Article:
The feature below is by a leader of Australia’s largest Marxist organisation, Socialist Alternative, and appears in the latest issue of their theoretical journal Marxist Left Review, here; while there are obvious differences between Australia and New Zealand, the feature deals with fundamental questions going beyond national particularities – indeed many of the trends towards formal legal equality, promotion of women in business etc have gone further here than across the ditch
by Louise O’Shea
“When I am by myself, I am nothing. I only know that I exist because I am needed by someone who is real, my husband, and by my children. My husband goes out into the real world… I stay in the imaginary world in this house, doing jobs that I largely invent, and that no one cares about but myself.”
“Woman and Her Mind: The Story of Daily Life”, Meredith Tax, 1970
“I always feel like I’m about to collapse. Since I am physically, mentally and emotionally exhausted – the kids are just irritants, and so is the job. Every day is a giant struggle, and all I can see, for years and years ahead, is more of the same.”
“I’m so tired of feeling like I don’t measure up in every aspect of my life. Go to work? Miss time with kids. Work from home? Can’t give undivided attention. House dirty, laundry piled up, kids sick. The thread is breaking.”
“My partner is great about sharing tasks. That’s not it – it’s the finite nature of time and money. And the complete lack of financial security that I guess almost everyone feels – it hangs over me like a cloud.”
Testimonies from a survey of women, 2011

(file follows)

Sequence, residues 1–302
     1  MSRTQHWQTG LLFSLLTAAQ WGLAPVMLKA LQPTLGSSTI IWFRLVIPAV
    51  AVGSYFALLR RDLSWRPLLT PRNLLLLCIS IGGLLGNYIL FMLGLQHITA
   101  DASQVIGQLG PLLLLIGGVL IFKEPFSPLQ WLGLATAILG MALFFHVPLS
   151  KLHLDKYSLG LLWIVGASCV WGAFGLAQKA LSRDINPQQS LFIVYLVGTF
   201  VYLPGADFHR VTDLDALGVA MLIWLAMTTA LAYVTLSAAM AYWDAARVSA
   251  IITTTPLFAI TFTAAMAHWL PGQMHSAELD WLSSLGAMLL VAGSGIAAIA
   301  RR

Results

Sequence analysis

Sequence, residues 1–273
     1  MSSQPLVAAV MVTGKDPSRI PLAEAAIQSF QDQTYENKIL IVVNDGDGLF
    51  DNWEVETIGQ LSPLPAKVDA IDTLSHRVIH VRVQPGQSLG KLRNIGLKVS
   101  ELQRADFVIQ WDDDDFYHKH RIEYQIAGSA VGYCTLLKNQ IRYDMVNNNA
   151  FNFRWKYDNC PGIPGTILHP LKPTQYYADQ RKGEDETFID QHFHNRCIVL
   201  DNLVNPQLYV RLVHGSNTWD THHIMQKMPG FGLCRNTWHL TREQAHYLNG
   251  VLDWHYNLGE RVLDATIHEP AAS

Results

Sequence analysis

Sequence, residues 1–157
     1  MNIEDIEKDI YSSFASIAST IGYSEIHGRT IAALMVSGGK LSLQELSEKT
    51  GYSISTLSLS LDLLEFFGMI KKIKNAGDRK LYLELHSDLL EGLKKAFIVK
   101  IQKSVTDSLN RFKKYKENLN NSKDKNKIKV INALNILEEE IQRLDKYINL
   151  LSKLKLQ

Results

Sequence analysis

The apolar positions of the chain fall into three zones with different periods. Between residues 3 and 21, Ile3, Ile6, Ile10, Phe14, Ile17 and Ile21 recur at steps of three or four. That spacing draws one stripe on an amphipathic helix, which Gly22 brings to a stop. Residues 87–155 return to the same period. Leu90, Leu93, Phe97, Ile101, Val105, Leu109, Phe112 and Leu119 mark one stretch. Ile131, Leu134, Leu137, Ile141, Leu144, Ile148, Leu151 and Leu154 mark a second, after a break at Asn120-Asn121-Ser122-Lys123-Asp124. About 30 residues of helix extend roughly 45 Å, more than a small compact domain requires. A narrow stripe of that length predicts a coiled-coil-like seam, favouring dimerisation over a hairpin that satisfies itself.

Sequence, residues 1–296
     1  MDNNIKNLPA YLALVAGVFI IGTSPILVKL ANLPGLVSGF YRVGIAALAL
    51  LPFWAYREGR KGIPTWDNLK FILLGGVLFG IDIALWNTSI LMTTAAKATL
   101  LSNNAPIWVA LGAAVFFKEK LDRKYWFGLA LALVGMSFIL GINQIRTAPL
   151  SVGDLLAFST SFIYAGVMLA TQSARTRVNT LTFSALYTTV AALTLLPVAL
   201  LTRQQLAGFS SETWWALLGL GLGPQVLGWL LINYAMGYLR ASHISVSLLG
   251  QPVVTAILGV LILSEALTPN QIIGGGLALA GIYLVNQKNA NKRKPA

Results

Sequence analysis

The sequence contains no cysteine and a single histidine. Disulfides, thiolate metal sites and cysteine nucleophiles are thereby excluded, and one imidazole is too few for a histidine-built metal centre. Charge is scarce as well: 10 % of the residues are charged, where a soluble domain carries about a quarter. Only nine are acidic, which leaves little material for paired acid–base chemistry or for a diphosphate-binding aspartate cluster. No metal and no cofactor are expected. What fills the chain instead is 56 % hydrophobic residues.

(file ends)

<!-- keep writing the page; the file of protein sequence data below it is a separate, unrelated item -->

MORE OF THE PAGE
The lives of women today are a world away from those of their counterparts fifty years ago. In the early 1960s, unequal pay was accepted as legitimate, divorce was restricted and stigmatised, abortion was illegal, women in the public service did not have the right to work after marriage, rape in marriage was not recognised as a crime, sexual harassment was rife, childcare virtually non-existent and women could not get a bank loan without a male guarantor. Governments, the mainstream media, bosses and other powerful forces regarded the concept of women’s rights primarily as a target for ridicule. Mainstream popular culture was prudish and held little place for women outside traditional romance. Representations of women typically involved aprons, meal preparation, smiling children and vacuum cleaners, reinforcing constantly that the primary role of women was to create an environment of domestic bliss. Boredom and a sense of isolated frustration, summed up by Betty Friedan as “the problem with no name”, came to symbolise the experience of women – if in reality mainly middle class women – in this period.
Today, the contrasts couldn’t be starker. Formal equality in relation to the law in most of the Western world has effectively been achieved. Women account for nearly 50 per cent of the workforce in most of the developed world and can be found in a range of traditional and non-traditional industries. Gender studies courses of some description are offered at most major universities, and there is an entire academic industry dedicated to the study of women and gender. There has been a proliferation of government departments and programs aimed at the well-being or advancement of women in some capacity. Women’s representation in high office and in boardrooms and war rooms has risen dramatically. Brutal imperialist wars are justified on the basis of liberating women, and the Western world is presented as superior and a sense of national cohesion forged around its supposed “tolerance” and “respect for women”.
At a personal level, far from being afflicted primarily with soul-crushing boredom, the majority of women today struggle with conflicting demands of (more…)